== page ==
NEW YORK, Oct 28 (Reuters) - The 7,114 brokers at UBS Wealth Management Americas generated record quarterly revenue of $1.9 billion in the three months ending Sept. 30, largely through selling loans to clients and funneling their assets into packages of mutual funds and other managed accounts.
UBS AG, Switzerland’s biggest bank, said Tuesday that its U.S. brokerage arm contributed 46.7 percent of its global wealth management revenue and 25 percent of wealth management profit in the third quarter.
Productivity grew 9 percent to an average of $1.08 million per broker during the quarter, as fee income from managed accounts grew 10 percent to $1.2 billion. Net interest income rose 6 percent to $276 million on higher loan balances.
Net new money in client accounts, however, grew just 1.9 percent on a seasonal slowdown in trading. In a table of “key performance indicators,” UBS AG said the new money growth was below its 2-4 percent target growth rate.
The third-quarter results from UBS Wealth Americas and its principal competitors, nevertheless, show that brokerage executives are succeeding in broadening their business models. Brokers who used to sell stocks and bonds for commissions are now encouraged to sell loans at competitive interest rates and offer financial planning and asset management services with fees based on total assets clients keep at firms.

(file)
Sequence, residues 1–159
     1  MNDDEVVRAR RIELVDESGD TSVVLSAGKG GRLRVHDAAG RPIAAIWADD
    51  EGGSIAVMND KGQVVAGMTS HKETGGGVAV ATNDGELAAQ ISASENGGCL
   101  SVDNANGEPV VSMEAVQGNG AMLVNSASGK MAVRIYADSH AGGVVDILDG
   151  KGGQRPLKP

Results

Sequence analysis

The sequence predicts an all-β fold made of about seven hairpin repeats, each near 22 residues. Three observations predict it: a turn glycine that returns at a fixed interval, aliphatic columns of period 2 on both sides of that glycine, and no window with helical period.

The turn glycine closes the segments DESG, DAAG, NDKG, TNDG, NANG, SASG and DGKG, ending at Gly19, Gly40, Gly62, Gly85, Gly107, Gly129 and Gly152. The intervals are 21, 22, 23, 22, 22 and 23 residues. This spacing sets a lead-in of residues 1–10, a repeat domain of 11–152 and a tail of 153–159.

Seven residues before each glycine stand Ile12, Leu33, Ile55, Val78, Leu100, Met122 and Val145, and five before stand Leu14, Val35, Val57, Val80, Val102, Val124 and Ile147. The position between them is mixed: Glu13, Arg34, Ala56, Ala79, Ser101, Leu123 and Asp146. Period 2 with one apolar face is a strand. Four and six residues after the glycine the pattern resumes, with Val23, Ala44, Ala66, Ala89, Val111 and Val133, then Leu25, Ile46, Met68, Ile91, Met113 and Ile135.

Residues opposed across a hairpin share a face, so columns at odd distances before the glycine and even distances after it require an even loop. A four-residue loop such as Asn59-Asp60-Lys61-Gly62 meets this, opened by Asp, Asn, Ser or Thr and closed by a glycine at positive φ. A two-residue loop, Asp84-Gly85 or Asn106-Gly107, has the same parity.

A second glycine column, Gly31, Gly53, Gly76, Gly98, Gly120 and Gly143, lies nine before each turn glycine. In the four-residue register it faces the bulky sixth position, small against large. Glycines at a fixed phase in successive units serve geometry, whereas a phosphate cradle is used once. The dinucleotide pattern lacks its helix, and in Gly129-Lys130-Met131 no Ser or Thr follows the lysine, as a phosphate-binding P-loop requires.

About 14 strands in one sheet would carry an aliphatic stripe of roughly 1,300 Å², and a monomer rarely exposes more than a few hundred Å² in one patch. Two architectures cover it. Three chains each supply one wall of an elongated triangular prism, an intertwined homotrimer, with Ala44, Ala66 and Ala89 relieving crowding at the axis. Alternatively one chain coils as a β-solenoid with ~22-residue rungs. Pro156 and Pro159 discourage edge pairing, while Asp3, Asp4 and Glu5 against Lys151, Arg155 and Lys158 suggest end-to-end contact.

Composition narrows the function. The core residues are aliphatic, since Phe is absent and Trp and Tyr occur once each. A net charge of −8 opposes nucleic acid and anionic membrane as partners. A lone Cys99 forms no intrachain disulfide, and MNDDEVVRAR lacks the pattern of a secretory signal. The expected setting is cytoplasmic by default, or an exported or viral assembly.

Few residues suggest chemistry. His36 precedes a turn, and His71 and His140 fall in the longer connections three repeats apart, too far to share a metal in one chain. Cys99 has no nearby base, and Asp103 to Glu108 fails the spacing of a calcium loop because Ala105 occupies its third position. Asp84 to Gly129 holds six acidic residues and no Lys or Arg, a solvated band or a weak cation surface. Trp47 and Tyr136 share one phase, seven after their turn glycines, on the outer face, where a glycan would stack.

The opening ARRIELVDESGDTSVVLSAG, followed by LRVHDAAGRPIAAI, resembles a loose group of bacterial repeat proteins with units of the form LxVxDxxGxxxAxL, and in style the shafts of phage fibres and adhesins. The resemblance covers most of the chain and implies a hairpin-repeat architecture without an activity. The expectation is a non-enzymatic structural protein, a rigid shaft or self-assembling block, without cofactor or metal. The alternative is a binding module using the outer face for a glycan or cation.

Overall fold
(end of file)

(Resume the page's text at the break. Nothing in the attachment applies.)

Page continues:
The fee-based model provides more stable income to brokerage firms than volatile commissions that tend to fall in tandem with markets as investors shy away from buying stocks.
This month, Bank of America Corp’s Merrill Lynch wealth unit said asset management fees rose 16.6 percent to a six-year high of $1.5 billion last quarter while loan balances rose $2.2 billion to $126 billion. Morgan Stanley’s 17,000 brokers attracted $6.5 billon of new assets in fee-based accounts last quarter, while real estate loans collateralized by clients’ portfolio soared 48 percent to $20.3 billion.
At UBS Wealth Americas, an outgrowth of what was formerly known as PaineWebber Group, revenue jumped 10 percent from the third quarter of 2013 while pretax profit of $254 million was up 17 percent from $218 million a year earlier.
But expenses grew 9 percent to $1.7 billion, or more than 51 percent of total operating expenses for UBS’s global wealth businesses. The numbers illustrate the much higher costs of hiring brokers and bankers in the United States than in Europe as well as litigation and regulatory charges that rose globally.
Broker compensation in the United States climbed 10 percent to $737 million and signing bonus balances in the form of forgivable loans were up 6 percent to $183 million. UBS ended the quarter with $3 trillion of recruitment loans, but with 23 fewer brokers than a year earlier. Its 7,114 brokers include 583 in its training program. (Reporting By Jed Horowitz; Editing by David Gregorio)